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The Biotech Debate

June 04, 1992|DANIEL P. PUZO | TIMES STAFF WRITER

FDA's Flamm said the agency is still reviewing the status of APH. He said that kanamycin is a rarely used antibiotic and that neomycin is not a concern because it is used mostly as a topical agent for cuts and is not ingested. However, the Environmental Defense Fund has petitioned FDA to treat APH like a food additive and require that it undergo animal testing and other safety reviews.

"This (Calgene) process makes plants that produce an enzyme that inactivates kanamycin and other antibiotics," said Goldburg. "People receive these antibiotics for good medical reasons."

Calgene's Wagster does not anticipate any problems with APH.

"We have demonstrated with safety data that the kanamycin select marker posed no health risk of any kind," he said. "It is just another protein and when consumed is broken down in the gut like any other nutrient."

Another critic of biotechnology, Joan Gussow, professor of nutrition and education, Teachers College, Columbia University, said the process may initially yield beneficial results but that there are still some important uncertainties.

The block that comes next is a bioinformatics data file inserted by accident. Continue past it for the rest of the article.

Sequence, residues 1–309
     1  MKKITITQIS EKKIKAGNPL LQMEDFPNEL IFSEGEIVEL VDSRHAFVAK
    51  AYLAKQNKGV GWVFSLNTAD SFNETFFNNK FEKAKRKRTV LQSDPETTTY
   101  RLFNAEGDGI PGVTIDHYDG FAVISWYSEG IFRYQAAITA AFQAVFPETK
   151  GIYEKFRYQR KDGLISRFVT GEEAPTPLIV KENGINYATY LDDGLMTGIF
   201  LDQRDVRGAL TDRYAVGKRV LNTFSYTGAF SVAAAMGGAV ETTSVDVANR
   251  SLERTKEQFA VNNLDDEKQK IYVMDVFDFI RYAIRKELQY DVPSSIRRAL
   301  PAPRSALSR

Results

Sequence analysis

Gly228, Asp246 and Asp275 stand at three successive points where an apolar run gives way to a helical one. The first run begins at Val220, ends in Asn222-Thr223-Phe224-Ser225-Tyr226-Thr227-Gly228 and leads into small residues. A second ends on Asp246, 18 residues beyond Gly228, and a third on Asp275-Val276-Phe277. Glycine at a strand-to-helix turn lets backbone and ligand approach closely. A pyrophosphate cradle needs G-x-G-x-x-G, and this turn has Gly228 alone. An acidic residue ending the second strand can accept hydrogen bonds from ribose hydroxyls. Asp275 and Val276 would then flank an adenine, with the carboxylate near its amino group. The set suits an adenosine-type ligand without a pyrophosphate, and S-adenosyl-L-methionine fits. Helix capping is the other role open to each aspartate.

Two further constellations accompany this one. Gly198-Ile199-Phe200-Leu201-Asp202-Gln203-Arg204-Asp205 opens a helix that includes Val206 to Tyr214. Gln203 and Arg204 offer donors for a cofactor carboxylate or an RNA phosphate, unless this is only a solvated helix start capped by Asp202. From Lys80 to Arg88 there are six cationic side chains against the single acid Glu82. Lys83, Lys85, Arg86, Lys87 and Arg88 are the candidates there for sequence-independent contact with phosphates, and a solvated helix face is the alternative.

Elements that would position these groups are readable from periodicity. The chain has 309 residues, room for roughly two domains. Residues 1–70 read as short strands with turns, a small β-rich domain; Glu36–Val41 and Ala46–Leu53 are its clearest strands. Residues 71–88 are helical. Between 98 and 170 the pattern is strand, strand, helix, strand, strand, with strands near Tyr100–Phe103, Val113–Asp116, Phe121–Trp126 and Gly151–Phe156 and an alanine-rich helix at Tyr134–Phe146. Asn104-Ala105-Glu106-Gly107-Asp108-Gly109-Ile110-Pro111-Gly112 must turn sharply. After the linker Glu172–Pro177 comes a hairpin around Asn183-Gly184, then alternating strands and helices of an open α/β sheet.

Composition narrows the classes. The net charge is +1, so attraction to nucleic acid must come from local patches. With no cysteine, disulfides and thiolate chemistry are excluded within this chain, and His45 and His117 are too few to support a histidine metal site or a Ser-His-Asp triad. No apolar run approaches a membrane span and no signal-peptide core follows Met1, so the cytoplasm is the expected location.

"In a culinary sense, biotechnology may actually make something taste better because we will have things like real vanilla grown in a test tube," she said. "And biotechnology may actually make tomatoes that are so durable they they sit around and never get old.

"But biotechnology is also being developed and promoted to make money," she said.

Gussow claims that in order for agriculture biotechnology to be economically viable it must develop patented seeds or plants that cannot be duplicated by any other means. As a result, farmers will become dependent upon the companies that market seeds for the genetically designed crops.

"These companies want to sell (seeds or plants to growers) every year and sell as much as possible and put the special genes into as many crops as possible," Gussow said. "It is dangerous and is now in the hands of people who have not shown much ecological wisdom or concern."

Similar environmental concerns were expressed by Wes Jackson, founder and president of the Land Institute in Salina, KA.

"I want to know what the assumptions are of the biotech people that allows them to believe that an ozone hole equivalent isn't in the cards in the aftermath of all this genetic manipulation," he said. "These guys are operating as if we have repealed Murphy's law and I don't believe we have repealed it."

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